From 1st July 2020, the CAA is adopting the new EU regulations regarding unmanned aircraft.

 

By May 2020, the CAA will issue a new CAP 722 with brand new PDRAs (Pre-defined Risk Assessments). The current Standard Permissions (formerly known as Permission for Commercial Operation (PfCO)) will be converted into a PDRA that will sit as part of an Operational Authorisation.

long live the pfco

What does this mean for me with a current PfCO?

If you hold a PfCO and it expires after 1st July 2020 you can continue to operate as normal within the bounds of your current PfCO. When you renew after 1st July 2020 the PfCO will become an Operational Authorisation and you will be granted the same Standard Permissions as before.

 

 

Should I renew my PfCO before 1st July 2020?

If you currently fly what we will start to call 'Legacy Aircraft', so any aircraft that was put onto the market before 1st July 2022 and doesn't have any classification of aircraft (C0-C4) then, if you want to keep your Standard Permissions formerly granted under the PfCO you are best renewing.

 

So for example, if your PfCO expires and you renew it on 20th June 2020 you will still get your PfCO again for 12 months. When it expires again on 20th June 2021 you can renew it and it will come through as an Operational Authorisation with a UK PDRA with current Standard Permissions, so again you can carry on as prior by making sure your Remote Pilot Competency is kept (2 hours of logged flights in the last 3 months) and update your Operations Manual.

 

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What should I do?

You can use our helpful flowchart to determine what your best course of action is.

 

 

 

I'm on a PfCO course now, or I'm booked onto a course, should I still do it?

Getting Standard Permissions will stand you in good stead, especially during the transitionary period as currently there are NO aircraft on the market with a C0-C4 rating. You will still be able to fly your 'Legacy aircraft' such as a DJI Mavic 2 or DJI Inspire 2 under Standard Permissions if you have a PfCO that expires after 1st July 2020.

 

When your PfCO expires after 1st July 2020 you will be able to renew your permissions and it will be and it will come through as an Operational Authorisation with a UK PDRA with current Standard Permissions, so again you can carry on as prior by making sure you Remote Pilot Competency is kept (2 hours of logged flights in the last 3 months) and update your Operations Manual.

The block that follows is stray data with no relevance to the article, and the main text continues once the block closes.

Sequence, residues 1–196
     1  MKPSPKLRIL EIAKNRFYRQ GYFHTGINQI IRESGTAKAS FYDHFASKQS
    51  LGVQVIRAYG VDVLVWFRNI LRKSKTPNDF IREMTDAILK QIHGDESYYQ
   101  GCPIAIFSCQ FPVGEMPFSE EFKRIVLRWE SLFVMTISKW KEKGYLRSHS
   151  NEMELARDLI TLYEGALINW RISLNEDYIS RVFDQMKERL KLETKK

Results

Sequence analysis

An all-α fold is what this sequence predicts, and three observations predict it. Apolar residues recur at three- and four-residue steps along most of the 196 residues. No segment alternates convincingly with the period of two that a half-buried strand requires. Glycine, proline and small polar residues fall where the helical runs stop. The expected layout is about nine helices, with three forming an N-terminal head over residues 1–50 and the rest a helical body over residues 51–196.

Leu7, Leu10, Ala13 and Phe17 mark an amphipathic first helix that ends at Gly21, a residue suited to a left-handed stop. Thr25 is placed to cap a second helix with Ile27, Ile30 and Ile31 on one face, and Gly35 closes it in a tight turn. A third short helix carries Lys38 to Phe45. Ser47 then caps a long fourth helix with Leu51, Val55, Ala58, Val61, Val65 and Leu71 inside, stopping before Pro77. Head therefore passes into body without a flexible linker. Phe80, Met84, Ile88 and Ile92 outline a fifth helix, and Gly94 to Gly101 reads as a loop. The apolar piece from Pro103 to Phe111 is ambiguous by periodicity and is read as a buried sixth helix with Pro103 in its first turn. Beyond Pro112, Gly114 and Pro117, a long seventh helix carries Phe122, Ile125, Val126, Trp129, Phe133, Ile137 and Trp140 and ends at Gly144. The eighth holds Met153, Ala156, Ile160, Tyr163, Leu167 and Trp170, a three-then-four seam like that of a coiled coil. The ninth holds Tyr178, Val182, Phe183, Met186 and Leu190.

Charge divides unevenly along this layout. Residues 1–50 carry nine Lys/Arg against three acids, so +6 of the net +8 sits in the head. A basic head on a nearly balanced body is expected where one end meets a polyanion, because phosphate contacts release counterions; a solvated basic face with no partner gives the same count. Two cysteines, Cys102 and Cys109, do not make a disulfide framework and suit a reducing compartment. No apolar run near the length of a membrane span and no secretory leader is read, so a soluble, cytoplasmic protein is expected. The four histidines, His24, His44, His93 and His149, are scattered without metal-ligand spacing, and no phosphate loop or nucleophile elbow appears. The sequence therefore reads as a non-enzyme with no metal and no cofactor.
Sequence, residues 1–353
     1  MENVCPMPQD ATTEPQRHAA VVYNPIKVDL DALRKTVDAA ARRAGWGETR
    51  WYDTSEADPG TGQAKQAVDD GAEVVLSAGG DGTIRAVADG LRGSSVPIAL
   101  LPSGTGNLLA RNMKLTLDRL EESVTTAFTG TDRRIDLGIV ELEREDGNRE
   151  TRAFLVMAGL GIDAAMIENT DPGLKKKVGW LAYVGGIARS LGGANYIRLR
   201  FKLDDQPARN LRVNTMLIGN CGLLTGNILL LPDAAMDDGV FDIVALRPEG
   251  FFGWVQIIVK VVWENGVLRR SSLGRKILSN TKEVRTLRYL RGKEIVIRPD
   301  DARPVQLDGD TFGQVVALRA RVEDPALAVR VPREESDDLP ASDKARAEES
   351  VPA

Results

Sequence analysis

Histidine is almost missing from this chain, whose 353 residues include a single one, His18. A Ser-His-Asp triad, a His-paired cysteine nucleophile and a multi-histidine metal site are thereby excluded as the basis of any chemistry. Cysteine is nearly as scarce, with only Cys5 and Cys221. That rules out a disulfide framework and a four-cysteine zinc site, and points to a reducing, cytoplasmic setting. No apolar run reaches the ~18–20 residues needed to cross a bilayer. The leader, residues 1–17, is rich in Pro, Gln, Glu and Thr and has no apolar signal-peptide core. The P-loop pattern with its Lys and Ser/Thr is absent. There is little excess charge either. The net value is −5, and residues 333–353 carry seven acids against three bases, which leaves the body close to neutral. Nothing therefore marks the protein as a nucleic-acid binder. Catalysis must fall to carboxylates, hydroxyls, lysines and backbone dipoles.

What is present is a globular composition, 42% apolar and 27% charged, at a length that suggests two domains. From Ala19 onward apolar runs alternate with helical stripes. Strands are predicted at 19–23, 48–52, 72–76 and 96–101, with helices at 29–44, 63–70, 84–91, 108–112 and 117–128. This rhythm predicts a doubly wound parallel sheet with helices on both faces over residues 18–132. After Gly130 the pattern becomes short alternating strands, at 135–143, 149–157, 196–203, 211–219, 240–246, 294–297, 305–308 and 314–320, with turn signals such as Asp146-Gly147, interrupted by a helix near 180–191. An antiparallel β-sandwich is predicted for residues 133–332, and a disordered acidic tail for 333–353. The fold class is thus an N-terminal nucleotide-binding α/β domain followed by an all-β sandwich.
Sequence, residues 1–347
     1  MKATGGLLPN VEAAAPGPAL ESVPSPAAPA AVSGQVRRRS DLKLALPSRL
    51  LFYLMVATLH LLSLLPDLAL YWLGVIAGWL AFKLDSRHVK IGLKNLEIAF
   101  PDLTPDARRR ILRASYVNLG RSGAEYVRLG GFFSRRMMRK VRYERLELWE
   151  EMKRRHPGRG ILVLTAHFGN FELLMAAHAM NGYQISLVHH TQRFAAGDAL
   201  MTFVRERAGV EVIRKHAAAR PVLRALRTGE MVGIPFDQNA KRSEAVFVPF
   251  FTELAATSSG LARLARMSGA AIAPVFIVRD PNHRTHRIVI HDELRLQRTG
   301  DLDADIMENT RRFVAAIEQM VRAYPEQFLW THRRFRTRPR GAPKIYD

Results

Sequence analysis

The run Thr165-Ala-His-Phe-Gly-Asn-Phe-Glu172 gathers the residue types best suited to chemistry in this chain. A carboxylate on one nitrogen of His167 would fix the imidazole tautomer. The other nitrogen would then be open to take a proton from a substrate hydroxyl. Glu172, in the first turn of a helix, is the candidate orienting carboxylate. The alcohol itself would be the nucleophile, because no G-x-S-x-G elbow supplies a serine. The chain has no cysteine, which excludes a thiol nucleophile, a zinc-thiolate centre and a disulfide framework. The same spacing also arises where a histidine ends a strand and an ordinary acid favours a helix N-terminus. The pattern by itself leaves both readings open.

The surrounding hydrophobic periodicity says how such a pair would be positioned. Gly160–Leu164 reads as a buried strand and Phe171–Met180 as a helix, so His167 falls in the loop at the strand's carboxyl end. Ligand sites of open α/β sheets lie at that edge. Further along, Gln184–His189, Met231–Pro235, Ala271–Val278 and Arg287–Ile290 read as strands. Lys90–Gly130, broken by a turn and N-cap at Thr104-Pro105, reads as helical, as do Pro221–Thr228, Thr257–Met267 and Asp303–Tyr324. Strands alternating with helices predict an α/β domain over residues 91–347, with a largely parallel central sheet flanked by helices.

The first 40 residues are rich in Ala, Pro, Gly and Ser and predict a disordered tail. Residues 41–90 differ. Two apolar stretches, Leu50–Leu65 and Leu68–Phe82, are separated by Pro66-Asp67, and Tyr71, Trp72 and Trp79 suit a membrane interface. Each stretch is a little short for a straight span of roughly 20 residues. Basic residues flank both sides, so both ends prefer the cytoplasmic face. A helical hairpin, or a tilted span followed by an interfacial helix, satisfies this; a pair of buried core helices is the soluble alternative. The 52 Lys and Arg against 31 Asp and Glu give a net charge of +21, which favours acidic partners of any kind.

Book a GVC Drone Course

 

 

Should I still book onto a PfCO course before 1st July 2020

Deciding on if you want to book and get a PfCO before the 1st July 2020 is down to you.

 

If you want to fly commercially between now and 1st July 2020 the only way to do so is with a PfCO. Getting a PfCO before 1st July 2020 will mean that after this date you will still be able to fly any 'Legacy aircraft' under Standard Permissions, in congested areas for as long as you keep renewing your permissions.

 

If you currently have something like a DJI Mavic 2 Pro, Phantom 4, Inspire 2 etc having Standard Permissions under the new regulations will mean you have to maintain a 30m separation distance on take-off and landing and then 50m when in flight.

 

The PfCO and Standard Permission is for at least the next 2 years the way to operate your 'legacy' drones within congested areas.

 

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Conclusion

If you still want to operate the drones you own between now and 1st July 2020 within congested areas you will need the PfCO. In most circumstances, after 1st July 2020, the Standard Permissions granted through the PfCO will still be beneficial for 'legacy aircraft' such as the DJI Mavic and DJI Inspire series of aircraft.

 

Until certified aircraft with a C0-C4 rating hit the market there will be a transitional process. The idea is that most 'legacy aircraft' after 1st July 2022 will no longer be used by most operators as they will likely have a certified aircraft by that point.

 

We'll keep you updated with more blogs and videos to try and help explain the process.

 

More to come!